You can avoid this dilemma by building a stronger or more “luxurious” brand. Countless research shows that customers are more willing to pay a premium price to shop with a strong brand.
If you can build a quality brand image that customers trust and love, you won’t need to worry about offering the lowest price in your niche.
Want to learn more about building a more appealing brand? Check out our article: The Ultimate Guide to Brand Image.
Here’s a video that discusses how to brand in a dropshipping context:
- Provide Incredible Customer Experiences
Unless your prices are astoundingly low, it’s easy to push customers away with sub-par experiences.
Data shows that now, more than ever, customers are demanding positive experiences with brands – or they’ll happily take their business elsewhere.
One study shows that 86% of buyers will pay more for great experiences and 73% say that customer experiences influence their purchasing decisions.
A good customer experience takes a lot of elements into account, like:
- Fast, responsive, and helpful customer service
- Value-adds like free shipping or returns
- Perks and freebies to show your appreciation for customers
- Increased convenience in comparison to competitors
- Use of new tech or unique processes to improve the status quo
- Delivering on Every. Single. Promise.
- Surprise and Delight Your Customers
You might be familiar with the term “surprise and delight,” which is an old marketing term that’s made its way around the block a few times.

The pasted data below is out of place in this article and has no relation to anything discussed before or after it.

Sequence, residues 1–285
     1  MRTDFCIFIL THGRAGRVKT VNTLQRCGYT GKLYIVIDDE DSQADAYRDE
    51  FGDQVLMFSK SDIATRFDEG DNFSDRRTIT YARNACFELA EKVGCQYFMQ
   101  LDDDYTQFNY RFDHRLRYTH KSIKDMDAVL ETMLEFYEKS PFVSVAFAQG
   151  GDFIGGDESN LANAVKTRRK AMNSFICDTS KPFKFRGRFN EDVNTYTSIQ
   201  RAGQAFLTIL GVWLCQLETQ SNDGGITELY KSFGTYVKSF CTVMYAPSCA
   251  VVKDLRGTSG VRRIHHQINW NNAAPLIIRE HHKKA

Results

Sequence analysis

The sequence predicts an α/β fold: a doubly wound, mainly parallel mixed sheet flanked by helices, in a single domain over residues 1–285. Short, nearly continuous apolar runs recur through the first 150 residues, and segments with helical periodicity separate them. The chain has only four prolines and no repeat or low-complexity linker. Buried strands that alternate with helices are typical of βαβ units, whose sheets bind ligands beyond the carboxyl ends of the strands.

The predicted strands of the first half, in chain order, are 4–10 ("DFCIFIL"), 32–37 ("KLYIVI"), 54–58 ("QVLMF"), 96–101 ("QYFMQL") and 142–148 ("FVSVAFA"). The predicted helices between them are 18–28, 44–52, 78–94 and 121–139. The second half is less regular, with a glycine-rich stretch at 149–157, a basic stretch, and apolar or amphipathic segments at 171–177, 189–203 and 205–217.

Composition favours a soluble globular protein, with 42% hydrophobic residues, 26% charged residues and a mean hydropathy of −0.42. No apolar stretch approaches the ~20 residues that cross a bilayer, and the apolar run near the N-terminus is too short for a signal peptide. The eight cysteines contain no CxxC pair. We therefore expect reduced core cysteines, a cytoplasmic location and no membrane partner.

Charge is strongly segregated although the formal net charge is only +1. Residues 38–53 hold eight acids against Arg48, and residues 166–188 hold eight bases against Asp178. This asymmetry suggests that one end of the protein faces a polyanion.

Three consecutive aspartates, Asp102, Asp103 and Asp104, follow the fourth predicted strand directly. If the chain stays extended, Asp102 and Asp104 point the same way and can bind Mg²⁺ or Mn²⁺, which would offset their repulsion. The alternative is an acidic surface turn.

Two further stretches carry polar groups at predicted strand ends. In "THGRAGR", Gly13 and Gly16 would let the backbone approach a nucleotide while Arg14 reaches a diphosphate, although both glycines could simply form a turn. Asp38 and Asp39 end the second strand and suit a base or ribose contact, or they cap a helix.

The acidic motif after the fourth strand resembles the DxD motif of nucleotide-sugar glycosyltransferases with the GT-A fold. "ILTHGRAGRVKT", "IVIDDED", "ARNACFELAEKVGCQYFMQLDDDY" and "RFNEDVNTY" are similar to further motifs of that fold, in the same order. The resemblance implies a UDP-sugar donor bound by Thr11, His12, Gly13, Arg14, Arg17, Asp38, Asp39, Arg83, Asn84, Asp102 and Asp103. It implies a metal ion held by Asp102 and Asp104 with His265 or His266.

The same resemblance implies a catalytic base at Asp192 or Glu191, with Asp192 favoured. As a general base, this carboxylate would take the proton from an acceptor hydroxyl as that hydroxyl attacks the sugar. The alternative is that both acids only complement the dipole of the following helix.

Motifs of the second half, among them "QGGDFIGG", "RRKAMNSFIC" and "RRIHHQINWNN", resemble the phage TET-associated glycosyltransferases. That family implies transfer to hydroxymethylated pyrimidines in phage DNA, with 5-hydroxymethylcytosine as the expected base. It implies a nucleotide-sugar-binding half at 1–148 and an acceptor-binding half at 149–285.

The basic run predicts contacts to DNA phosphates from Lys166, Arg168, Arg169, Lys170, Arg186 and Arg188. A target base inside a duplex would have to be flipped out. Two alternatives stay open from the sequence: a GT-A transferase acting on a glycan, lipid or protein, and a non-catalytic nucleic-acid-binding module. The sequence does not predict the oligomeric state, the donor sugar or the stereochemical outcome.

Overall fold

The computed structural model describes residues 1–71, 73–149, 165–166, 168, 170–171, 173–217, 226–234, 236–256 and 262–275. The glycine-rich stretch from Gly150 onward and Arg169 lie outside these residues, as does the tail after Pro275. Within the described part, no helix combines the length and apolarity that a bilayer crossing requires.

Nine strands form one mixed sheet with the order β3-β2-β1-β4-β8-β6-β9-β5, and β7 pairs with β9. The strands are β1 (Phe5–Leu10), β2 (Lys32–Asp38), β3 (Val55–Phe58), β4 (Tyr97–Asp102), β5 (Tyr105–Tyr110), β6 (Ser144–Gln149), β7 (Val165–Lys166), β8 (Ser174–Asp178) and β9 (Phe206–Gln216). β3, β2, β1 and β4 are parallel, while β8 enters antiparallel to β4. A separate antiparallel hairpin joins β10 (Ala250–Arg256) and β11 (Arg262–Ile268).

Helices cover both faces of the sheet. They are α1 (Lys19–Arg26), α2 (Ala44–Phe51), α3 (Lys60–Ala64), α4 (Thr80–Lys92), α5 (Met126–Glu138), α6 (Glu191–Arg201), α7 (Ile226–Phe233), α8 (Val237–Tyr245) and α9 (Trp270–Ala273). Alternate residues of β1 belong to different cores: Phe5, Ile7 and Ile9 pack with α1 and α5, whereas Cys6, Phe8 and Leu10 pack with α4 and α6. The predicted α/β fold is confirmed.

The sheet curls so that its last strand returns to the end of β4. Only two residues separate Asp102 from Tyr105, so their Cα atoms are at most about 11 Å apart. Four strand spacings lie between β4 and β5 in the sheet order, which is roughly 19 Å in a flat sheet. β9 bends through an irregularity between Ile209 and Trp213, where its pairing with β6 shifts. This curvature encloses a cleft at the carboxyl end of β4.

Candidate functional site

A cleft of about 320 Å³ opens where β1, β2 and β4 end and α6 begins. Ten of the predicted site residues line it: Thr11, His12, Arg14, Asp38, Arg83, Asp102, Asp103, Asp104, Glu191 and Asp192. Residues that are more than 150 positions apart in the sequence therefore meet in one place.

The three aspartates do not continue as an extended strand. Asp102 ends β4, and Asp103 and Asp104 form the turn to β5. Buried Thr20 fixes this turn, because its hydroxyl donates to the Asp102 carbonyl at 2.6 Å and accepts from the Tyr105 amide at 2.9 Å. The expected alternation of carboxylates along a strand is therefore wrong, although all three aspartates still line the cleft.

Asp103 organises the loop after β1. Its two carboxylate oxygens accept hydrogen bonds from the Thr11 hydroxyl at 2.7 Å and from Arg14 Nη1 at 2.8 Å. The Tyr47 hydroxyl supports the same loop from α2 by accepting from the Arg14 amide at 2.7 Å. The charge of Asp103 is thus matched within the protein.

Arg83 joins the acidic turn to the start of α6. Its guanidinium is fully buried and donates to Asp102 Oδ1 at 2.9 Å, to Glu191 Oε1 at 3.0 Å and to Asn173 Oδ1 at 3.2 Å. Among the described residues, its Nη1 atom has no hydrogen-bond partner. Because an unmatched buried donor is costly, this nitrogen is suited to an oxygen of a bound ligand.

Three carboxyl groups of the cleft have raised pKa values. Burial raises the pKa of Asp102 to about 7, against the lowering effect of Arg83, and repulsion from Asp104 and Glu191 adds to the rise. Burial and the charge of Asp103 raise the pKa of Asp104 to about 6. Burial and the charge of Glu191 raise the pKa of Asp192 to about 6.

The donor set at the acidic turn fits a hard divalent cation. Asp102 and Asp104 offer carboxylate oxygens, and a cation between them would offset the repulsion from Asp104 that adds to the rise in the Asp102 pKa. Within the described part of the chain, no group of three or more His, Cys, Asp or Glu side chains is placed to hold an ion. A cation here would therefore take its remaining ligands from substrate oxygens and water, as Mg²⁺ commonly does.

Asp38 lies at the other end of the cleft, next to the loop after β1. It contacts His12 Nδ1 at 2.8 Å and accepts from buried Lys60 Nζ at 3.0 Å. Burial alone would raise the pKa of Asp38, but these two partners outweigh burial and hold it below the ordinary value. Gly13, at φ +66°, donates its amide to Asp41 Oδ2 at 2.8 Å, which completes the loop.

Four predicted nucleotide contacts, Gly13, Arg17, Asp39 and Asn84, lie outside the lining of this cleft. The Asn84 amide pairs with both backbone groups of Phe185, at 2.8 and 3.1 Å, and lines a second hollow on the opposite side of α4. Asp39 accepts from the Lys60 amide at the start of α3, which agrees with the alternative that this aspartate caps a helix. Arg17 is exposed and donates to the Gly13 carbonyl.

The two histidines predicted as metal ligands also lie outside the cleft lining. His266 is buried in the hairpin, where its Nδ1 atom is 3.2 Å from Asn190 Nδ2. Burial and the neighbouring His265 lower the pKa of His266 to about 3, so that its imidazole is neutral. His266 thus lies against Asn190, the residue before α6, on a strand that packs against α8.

This is the act of going out of your way to literally surprise and delight your customers. At the end of the day, this is a fantastic competitive advantage strategy, given how simple it can be to execute.
Consider the accounting software FreshBooks. They sent a cookie cake to celebrate a customer’s 10th anniversary.
As a bonus, their customer tweeted their delightful surprise, which is essentially free marketing.
FreshBooks nailed it.
- Create Exceptional Content
You know the old saying, “content is king.”
Just because it’s old doesn’t mean it’s outdated.
According to Nielsen, American adults spend a jaw-dropping 11 hours a day watching, reading, listening to, or generally interacting with various types of media.
That’s a whole lot of opportunities to engage your prospects and customers through things like:
- How-to guides
In fact, content is how a lot of brands are able to differentiate themselves from others and build a strong following.
That’s how we’re engaging you right now! Pretty meta, eh?
To learn more about creating awesome content, check out our article about how to create a content strategy to increase traffic to your website.
- Use Partnerships to Boost Your Capabilities and Reach
Picture this scenario: you have an ecommerce store that manufactures and sells outdoor hobby items.
After a year of business and gathering market feedback, you realize that your compression leggings could be more successful if they had a bit more insulation.
But producing these leggings will be too pricey with your current manufacturing capabilities, which would cut into your profits.
So you partner with a company that can do it more affordably – a win-win for you and your partner.
Partnering can manifest in several ways, from production to marketing. For example, influencer marketing is a type of partnership that gets you quick access to an influencer’s loyal audience.
Instagram is a huge channel for this.
Finding Your Competitive Edge
When it comes to learning how to create a competitive advantage, the options are infinite. That’s why it’s important to take a strategic, purposeful, and well-researched approach.
This way, you can ensure that you’re considering all the possibilities while avoiding the issues that can occur if you move too quickly without considering all the repercussions.
While today’s shopper finds cost to be important, I strongly recommend that you work on differentiating your brand with unique features, benefits, and offerings.
You don’t have much control over market prices, but you do have control over the experiences you can create for your customers. Use these experiences to keep them coming back.
What’s your competitive advantage strategy? Drop us a comment below!